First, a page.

Status, Threats, and Management Strategies in the Kafue National Park, Zambia
April 2016 | Volume 22, Number 1
by VINCENT R. NYIRENDA
Abstract: The southern ground hornbill (SGH) is a tourism flagship and yet vulnerable avian species, currently decreasing in most of its African wild range due to anthropogenic causes. SGH’s status and associated threats were investigated in core habitats of the expansive Kafue National Park (KNP) and its surrounding Game Management Areas of Zambia. Using data from a Systematic Reconnaissance Flight sampling method and Management Effectiveness Tracking Tool for Protected Area Systems, the study established that KNP supported about half of the SGH population (47.73%, n = 2112) within the Kafue ecosystem due to mitigation of anthropogenic disturbances such as uncontrolled fires, human encroachment (e.g., settlements and mining), and deforestation from agrarian and timber harvesting chores. KNP had most of the breeding pairs in the ecosystem (57.14%, n = 80). It is recommended that wild areas protection through law enforcement, integrative land-use practices, and conservation awareness be strengthened for enhanced SGH stewardship.
The southern ground hornbill (SGH) (Bucorvus leadbeateri), plays major ecological and socioeconomic roles in the wild. It is a keystone species and effective seed disperser that contributes to ecological succession processes (Holbrook and Smith 2000). Based on its large charismatic-sized body (Figure 1), it serves as a tourism flagship species for biodiversity conservation and acts as a bioindicator for savannah biomes (Engelbrecht et al. 2007; Verissimo et al. 2009). The SGH is found in a number of habitats such as woodlands, savannah grasslands, and farming landscapes (Leonard 2005; Engelbrecht et al. 2007). It was previously abundant across its geographical ranges of eastern and southern Africa prior to 2011 when it was declared a species of regional conservation concern (Leonard 2005; Trail 2007). Populations have been waning in much of its range, and it was later declared a vulnerable species by the International Union for Conservation of Nature (IUCN) (Birdlife International 2015).
The SGH decline is attributed to a combination of biological and environmental factors. Biologically, its population is limited by low reproductive rates (Kemp and Begg 1996; Coetzee et al. 2014), and the need for large range areas in excess of 100 km2 (1,076 ft.2) per flock (Theron 2011). Although population viability is enhanced by cooperative breeding tendencies in SGH, where alpha breeders raise young in collaborative action with other family members, only one of the two to three hatched chicks in an egg clutch survives starvation before fledging (Kemp and Kemp 1991). Environmental factors such as deforestation affect breeding processes, as the SGH is a tree cavity breeder (Kemp and Begg 1996; Trail 2007). African elephants (Loxodonta
africana) also destroy trees used by nesting birds (Vogel et al. 2014). Climate variability and change expressed by extreme weather events such as floods and drought may also negatively affect availability of forage and cavity trees (Pounds et al. 1999; Myers et al. 2000; Sinervo et al. 2010).
Several SGH studies have been conducted in African ranges such as South Africa, Lesotho, Swaziland, Kenya, and Tanzania, where its vulnerability to extinction has been attributed to habitat fragmentation, disturbance, and cultural persecution (Hulley and Craig 2007; Coetzee et al. 2014). However, the status of the SGH remains largely unknown in its presumed stronghold and epicenter, Zambia (Birdlife International 2015). Globally, scientists lack detailed distribution and abundance data for most species of conservation concern (Andelman and Fagan 2000). Both its expansive ranges and the fact that it is a low-density species pose practical difficulties for SGH inventories, resulting in a dearth of information on its occupancy and abundance in much of its ranges. The purpose of this study was to ascertain the SGH status in Kafue National Park (KNP) and the associated threats, relevant for conservation interventions targeting SGH as a keystone and flagship species.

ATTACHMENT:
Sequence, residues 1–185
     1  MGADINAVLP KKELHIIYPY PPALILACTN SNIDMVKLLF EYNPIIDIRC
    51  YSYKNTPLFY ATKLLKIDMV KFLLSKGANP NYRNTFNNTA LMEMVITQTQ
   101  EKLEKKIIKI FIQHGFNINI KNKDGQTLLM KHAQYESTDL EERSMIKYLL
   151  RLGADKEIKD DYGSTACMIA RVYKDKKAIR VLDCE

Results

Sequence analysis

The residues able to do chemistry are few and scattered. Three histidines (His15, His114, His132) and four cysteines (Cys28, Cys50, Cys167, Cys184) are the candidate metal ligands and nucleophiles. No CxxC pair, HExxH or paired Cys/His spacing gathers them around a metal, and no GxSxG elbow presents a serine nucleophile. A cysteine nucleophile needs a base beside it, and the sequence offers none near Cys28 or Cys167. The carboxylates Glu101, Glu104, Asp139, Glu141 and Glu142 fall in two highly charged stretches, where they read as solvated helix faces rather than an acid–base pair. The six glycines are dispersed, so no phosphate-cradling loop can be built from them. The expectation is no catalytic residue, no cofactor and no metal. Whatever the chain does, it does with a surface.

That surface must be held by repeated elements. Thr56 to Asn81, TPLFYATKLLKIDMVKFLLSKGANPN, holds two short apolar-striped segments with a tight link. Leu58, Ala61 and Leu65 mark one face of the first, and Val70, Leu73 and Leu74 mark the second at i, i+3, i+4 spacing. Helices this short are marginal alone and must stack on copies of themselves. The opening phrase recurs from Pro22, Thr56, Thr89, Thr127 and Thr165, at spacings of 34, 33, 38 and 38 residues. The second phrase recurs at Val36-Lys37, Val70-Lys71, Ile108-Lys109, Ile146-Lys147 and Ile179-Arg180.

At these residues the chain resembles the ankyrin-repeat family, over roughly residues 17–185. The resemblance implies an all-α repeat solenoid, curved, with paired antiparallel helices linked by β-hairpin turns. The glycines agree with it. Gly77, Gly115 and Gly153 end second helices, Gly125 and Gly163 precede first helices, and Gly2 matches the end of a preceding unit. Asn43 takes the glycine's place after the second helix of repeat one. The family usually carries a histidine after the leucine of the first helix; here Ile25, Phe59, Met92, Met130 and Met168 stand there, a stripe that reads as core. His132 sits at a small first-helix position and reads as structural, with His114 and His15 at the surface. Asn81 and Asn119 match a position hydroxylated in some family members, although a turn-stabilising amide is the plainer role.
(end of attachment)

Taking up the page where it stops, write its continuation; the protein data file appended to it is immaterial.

Methods and Materials
The study was conducted in the expansive Kafue National Park (22,480 km2/8,679 ft.2) and its adjacent areas, constituting nine Game Management Areas (GMAs) (43,408 km2/16,759 ft.2) of Zambia (Figure 2). On an annual basis, KNP attracts thousands of nature-based tourists, with the SGH as part of the attraction. KNP has 11 key vegetation community types, predominantly miombo woodlands, providing habitats to more than 492 sympatric bird species (Leonard 2005; Mwima 2005). The adjacent GMAs are inhabited by more than 200,000 people, unlike KNP where human habitation is not permitted. In addition, the GMAs are multiple-use areas (e.g., agriculture, mining, and logging), exerting pressure on KNP.
Spatial Distribution of Southern Ground Hornbill
The Zambia Wildlife Authority (ZAWA) conducted an aerial wildlife survey between September–October 2011 in the KNP and its surrounding areas using a Systematic Reconnaissance Flight (SRF) sampling method described by Norton-Griffiths (1978) (ZAWA, unpubl. report). The survey period coincided with the dry season when vegetation sheds its leaves, enhancing the visibility of SGH. The survey team used a fixed-wing Cessna 206, involving a pilot, a front-seat observer (FSO-Recorder), and two rear seat observers (RSO-Observers) for bird counts over a stratified area, with transects traversing environmental features such as rivers, mountains, and vegetation types. Surveying across different environmental features accounted for variability in resources, influencing the distribution of birds (Sinclair et al. 2006). Onboard GPS (Garmin 296) was used for taking coordinates and radar altimeter was used for monitoring the flying height above ground level (approximately 100 m/109 yards). Transects were regularly spaced at distances of about 2.5–5.0 km (1.55–3.11 miles) apart, resulting in a sampling intensity of between 10–20%. Bird counts were done in subunits of 1.0 km2/10.76 feet2, representing approximately 30-second flying intervals, and constituting recording intervals.
Bird count data was analyzed based on Jolly’s Method 2 for unequal sized sample transect units (Jolly 1969). The Jolly’s Method is based on the ratio calculations accounting for wildlife seen and counted in relation to areas searched (detection probabilities), extrapolated to the strata, based on the birds’ density per sample unit (Norton-Griffiths 1978).
Threats to Southern Ground Hornbill